Again, Edwin Clark Tackles Buhari Over His Opposition To State Police


Prominent Ijaw leader, Chief Edwin Clark has called on President Muhammadu Buhari not to deny Nigerians the opportunity of having a state police system.

Clark in a statement on Monday disagreed with the President’s dismissal of the calls for the establishment of state police over fears that it will be abused by the State Governors, stating that the federal government also uses the police as it is currently structured to harass perceived enemies.

In his view, the President promised Nigerians restructuring during his campaigns, and going back on it now will show Buhari as an “insincere and dishonest” person.

Though the Ijaw leader pointed out that he agrees with Buhari that the state governors have killed the local government, it is not enough reason to deny Nigerians the opportunity of state police which a majority of the people have been clamouring for.

Clark made his mind known as a reaction to the recent declaration by President Buhari that he won’t approve state police as it can’t solve the security challenges facing the country.

But Clark argued that despite the President’s fears, absolutely ruling out the idea of state police based on the fear that the Governors will mishandle it, is like throwing out the bathwater with the baby.

He said: “Mr. President dismissed the call for state police in the country. He said that state police was not an option, that governors will misuse it. He gave an unrelated instance of the relationship between state governors, and local governments, that there is no functional local government in the country.”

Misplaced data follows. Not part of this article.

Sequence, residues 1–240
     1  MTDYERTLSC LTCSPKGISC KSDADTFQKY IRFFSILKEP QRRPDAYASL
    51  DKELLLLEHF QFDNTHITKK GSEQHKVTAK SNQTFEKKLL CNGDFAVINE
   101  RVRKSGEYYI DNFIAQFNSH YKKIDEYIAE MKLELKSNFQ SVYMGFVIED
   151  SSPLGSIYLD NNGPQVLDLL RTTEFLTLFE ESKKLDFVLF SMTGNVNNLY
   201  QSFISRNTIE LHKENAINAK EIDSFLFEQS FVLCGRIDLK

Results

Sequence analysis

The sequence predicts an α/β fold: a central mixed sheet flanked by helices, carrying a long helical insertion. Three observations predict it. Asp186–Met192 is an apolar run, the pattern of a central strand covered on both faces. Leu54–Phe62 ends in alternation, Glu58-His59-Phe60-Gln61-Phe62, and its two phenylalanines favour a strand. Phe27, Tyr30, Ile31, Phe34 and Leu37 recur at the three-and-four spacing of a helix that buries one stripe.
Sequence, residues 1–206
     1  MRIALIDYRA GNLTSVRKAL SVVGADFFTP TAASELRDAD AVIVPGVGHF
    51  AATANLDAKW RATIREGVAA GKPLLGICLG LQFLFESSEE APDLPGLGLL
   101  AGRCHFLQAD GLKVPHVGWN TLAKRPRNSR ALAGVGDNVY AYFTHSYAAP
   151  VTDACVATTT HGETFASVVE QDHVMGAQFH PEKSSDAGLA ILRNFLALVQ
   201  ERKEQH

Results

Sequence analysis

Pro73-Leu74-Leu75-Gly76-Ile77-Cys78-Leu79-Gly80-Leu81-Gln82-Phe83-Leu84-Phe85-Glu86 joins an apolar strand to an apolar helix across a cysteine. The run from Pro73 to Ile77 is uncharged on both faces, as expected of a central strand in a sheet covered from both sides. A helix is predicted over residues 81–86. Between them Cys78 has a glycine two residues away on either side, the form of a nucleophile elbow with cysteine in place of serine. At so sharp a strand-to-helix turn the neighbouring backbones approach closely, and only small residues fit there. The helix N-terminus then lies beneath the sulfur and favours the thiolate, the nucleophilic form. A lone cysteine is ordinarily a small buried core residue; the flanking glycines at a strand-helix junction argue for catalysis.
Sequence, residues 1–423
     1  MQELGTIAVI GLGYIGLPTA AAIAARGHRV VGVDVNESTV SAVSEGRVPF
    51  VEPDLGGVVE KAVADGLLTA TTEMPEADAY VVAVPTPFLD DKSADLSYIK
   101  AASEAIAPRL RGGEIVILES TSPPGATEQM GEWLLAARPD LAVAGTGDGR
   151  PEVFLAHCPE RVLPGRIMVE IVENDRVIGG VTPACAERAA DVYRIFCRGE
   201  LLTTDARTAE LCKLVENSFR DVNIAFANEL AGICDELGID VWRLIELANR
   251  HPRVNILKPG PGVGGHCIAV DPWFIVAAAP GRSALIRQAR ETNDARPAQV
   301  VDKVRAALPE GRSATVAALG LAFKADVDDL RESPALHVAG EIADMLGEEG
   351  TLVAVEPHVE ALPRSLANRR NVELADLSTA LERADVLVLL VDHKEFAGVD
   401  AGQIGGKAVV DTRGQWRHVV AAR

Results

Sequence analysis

“While the president is right that no local government in this country truly functions as provided by the constitution, not even the joint account under which state governments receive monies on behalf of the local governments, because the accounts are fully controlled by the state governors, it is not enough to dismiss the demand for state police.

“Like I stated in my recent interview, state police is a popular agitation by Nigerians and was robustly discussed and agreed upon during the 2014 national conference.

“It is very unfortunate that the state governors who are elected under the party are the ones running the party today. But it is unconstitutional for Mr. President to say that state police, which was even recommended by the El-Rufai committee — as one of its items under devolution of power to be transferred from the executive list in schedule 1 of the 1999 constitution, as amended, to schedule II of the concurrent list — should be discarded.

“I totally agree with Mr. President that most state governors have undermined the provisions of the 1999 constitution, where local government is provided for under Section 8. They do not only abuse the joint account system but also engage in establishing caretaker committees, rather than conducting free, fair and democratic elections.

“I also agree with Mr. President that state police could be used by state governors in persecuting perceived political opponents, but it is also true that the federal government is also using the Nigeria Police Force to persecute perceived political opponents, undermining the NASS and obstructing free speeches. But that does not mean that the whole idea of state police should be discarded? That will mean throwing away the baby with the bathwater.”


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